Michael Bolton's big hit "How am I Supposed to Live without You" begins thus:
"I could hardly believe it/When I heard the news today/I had to come and get it straight from you/They said you were leavin'/Someone swept your heart away/From the look upon your face I see it's true."
That strikes me as a marvelous bit of story telling. The rest of the song, unfortunately, soon slips into standard-issue '80s ballad.
But what exactly do I like about the above?
The first line sets up the rest, pressing the listener to ask what was so unbelievable.
We might guess that a romantic disappointment was the hardly-believed thing, but we are steered subtly in another direction by "when I heard the news today." That's very different from, say, "when the gossip reached my ears" or "when someone told me so." We've come to regard the news as something authoritative and public in nature. The Beatles played on this same expectation in "A Day in the Life," which has "I read the news today" in the first line.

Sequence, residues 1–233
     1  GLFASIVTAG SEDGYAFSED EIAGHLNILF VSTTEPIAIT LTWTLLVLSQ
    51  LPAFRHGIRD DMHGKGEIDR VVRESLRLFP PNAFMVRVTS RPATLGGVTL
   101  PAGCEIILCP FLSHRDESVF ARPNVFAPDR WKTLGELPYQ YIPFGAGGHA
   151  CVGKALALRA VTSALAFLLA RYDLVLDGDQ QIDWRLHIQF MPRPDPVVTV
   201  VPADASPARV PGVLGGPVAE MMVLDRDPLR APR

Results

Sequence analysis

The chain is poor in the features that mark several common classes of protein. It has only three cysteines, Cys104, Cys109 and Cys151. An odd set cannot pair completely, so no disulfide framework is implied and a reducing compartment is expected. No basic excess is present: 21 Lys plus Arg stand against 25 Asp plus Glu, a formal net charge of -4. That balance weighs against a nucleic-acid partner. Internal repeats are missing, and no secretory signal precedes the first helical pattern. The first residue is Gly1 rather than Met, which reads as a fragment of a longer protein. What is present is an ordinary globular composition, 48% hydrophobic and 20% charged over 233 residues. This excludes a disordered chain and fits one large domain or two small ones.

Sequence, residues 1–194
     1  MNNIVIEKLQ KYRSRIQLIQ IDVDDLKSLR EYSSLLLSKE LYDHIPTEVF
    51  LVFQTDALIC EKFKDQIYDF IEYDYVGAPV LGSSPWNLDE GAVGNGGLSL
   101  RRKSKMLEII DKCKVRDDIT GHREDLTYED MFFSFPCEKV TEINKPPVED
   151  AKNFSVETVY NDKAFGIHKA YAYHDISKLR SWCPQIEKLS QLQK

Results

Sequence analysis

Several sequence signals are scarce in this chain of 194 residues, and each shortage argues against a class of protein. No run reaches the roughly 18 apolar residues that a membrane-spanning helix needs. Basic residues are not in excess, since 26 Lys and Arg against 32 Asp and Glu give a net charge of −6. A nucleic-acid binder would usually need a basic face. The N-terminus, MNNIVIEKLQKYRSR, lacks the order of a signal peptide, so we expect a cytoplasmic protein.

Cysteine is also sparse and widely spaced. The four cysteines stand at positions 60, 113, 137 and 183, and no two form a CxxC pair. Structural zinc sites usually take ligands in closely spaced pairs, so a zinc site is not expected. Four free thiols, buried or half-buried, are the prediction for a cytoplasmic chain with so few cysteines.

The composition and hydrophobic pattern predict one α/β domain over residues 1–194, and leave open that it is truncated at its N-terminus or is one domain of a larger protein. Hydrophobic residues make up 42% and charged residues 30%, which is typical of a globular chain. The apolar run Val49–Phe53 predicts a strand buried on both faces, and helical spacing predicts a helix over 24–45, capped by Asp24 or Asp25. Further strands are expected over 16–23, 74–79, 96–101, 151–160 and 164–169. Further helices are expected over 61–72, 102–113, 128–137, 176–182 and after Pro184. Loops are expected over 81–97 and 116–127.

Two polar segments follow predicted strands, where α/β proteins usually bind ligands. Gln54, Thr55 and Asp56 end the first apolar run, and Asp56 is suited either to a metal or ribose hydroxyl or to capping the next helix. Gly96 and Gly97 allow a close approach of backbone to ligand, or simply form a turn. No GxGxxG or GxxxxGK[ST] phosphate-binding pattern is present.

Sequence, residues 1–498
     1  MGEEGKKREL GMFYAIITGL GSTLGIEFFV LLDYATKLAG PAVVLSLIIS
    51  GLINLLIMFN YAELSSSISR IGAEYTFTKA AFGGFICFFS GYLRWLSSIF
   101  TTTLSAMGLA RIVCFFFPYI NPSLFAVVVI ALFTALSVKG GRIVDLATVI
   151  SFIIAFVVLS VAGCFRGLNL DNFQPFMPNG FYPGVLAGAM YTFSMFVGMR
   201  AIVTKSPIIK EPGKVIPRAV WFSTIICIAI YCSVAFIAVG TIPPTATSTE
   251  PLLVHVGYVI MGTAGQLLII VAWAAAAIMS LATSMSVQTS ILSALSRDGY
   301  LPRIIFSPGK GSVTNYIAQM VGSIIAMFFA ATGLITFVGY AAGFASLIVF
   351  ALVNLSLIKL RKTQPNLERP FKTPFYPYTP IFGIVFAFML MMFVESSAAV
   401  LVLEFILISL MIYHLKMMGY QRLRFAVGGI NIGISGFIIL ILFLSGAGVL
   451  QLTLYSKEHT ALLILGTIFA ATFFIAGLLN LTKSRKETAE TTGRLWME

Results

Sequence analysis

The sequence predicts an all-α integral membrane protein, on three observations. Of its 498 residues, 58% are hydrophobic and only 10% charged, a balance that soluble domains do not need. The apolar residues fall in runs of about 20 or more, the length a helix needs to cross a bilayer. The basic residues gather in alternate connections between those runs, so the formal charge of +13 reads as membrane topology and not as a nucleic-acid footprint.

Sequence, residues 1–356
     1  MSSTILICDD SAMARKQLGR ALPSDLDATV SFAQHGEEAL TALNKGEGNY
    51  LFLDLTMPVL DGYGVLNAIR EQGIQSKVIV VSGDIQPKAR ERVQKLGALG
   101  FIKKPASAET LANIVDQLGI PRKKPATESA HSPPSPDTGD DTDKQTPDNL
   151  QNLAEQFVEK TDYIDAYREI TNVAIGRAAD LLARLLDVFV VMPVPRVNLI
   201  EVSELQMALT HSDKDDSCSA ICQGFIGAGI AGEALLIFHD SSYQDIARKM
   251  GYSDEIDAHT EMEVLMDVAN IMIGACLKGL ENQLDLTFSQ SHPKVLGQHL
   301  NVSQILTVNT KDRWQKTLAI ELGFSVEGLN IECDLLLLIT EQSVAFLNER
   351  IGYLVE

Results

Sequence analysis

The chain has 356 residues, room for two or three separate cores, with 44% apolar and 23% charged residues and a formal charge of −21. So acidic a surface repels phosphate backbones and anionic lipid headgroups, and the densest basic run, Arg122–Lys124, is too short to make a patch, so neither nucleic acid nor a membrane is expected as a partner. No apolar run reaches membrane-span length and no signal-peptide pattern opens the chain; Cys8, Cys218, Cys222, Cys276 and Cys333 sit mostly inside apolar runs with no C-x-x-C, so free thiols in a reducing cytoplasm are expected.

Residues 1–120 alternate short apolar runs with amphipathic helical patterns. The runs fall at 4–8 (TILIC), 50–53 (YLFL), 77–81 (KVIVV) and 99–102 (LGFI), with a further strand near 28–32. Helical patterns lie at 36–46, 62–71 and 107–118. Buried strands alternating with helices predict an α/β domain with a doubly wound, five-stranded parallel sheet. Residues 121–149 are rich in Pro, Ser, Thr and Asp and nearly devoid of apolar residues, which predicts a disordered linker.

So Bolton starts with "I could hardly believe it," then mentions hearing "news." Our expectations are sifting again in the line that follows that. "I had to come and get it straight from you."
"You" it seems clear, isn't you, the listener within earshot of a radio. The "you" is a person at the center of the "news" in question. Yet it is the fourth line that tells us our original likely-expectation was right after all. The "news" is of a breaking-up sort.
The fifth line indicates that the narrator heard this "news" from more than one source while remaining incredulous. "They" said. Not just one mutual acquaintance. This makes the initial incredulity a more solid fact.
I could go on, but I won't. This was good writing. That's the only point.